Compositing is really fun if you come to think about it. All of a sudden, you tend to look things from a different perspective. Even when you step out of the house and you see a beautiful scenery, your mind tends to compose the image in front of you into layers and see the depth in it. Personally I think it's a damn cool thing, just that it's very tedious. Heck of a job. The only key trick to compositing is to get the lighting and colors right to make it look realistic/believable. Other than that, technical knowledge plays a pretty important part to help get things done.

Monday, August 18, 2008

Updated Hydrant

Thought I'd brush up my hydrant a little and share it here once more. Click on the image to expand.

I'll try to do this kind of thing for every piece of work I produce - the software's used and my initials.

Sunday, August 17, 2008

More Fusion

I'm practically addicted to this program. Can't emphasize how awesome it is. I was practicing my compositing skills with different passes of the fire hydrant I created in Maya previously. For the previous composite, I did not change any color values. But this time, I decided to give it a warm look with a gradient background. So here's the node workflow of it:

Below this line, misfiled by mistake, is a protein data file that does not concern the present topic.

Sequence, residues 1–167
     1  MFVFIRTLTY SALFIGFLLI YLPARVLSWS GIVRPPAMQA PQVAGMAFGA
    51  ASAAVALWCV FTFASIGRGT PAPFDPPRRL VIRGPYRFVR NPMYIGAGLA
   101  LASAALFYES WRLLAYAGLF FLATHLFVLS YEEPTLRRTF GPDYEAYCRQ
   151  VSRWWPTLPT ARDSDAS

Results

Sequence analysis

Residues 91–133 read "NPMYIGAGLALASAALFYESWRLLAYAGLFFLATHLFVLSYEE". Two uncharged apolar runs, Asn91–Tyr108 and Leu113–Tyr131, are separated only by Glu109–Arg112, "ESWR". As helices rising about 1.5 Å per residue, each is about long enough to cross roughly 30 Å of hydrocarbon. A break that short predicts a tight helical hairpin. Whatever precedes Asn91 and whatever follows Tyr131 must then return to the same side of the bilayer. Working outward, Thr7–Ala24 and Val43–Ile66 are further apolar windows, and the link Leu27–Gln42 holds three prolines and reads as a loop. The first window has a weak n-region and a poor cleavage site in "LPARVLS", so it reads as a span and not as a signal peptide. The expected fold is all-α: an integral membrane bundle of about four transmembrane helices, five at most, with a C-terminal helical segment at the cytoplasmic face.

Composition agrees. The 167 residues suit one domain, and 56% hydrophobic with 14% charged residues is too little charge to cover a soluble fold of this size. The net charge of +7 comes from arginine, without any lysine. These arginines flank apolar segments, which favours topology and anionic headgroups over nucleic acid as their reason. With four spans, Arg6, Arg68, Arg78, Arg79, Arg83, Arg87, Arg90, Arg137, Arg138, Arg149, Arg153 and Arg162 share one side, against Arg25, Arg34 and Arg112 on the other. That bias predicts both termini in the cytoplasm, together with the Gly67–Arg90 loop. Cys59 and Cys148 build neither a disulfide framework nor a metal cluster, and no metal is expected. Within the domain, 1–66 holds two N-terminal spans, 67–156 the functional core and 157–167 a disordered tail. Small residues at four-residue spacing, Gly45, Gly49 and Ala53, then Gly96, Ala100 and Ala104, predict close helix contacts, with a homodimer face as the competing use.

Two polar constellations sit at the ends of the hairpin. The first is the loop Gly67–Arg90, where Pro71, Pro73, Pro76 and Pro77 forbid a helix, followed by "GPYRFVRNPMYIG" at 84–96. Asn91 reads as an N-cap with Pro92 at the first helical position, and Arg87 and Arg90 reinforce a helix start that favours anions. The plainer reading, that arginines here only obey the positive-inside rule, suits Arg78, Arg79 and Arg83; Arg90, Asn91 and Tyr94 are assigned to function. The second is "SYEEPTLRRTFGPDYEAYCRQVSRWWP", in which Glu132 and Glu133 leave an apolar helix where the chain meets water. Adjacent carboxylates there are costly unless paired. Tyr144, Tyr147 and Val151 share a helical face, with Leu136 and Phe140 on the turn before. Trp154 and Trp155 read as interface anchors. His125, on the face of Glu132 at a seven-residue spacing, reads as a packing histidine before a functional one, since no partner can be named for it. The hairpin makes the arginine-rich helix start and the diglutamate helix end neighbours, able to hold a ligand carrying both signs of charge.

And here's the final render of the composite:

Fusion Test

Hello everyone. I'm back again. I had been experimenting on Fusion for the past 5 hours approximately and I managed to come up with a composite of an earlier project that I had done. This time, I relied completely on the node-based workflow and created an entire composite out of it.

And here's the render of the final composite.

I just have one thing to say - Fusion is simply AWESOME! I had so much fun compositing in this program. Comparing it to a time-line based compositing workflow such as that in After Effects and Combustion, I had so much more flexibility using the node-based compositing workflow in Fusion. No doubt I'm feeling really at the top of the world that I'm starting to get the hang of this awesome program.

Think I'll catch some sleep now. It's 4.45 in the morning (=

Saturday, August 16, 2008

Mini Personal Project - Hydrant in Live Action

Okay, so this blog has been pretty dead recently, so I'd thought I'd update it with a little bit of what exactly I've been doing recently.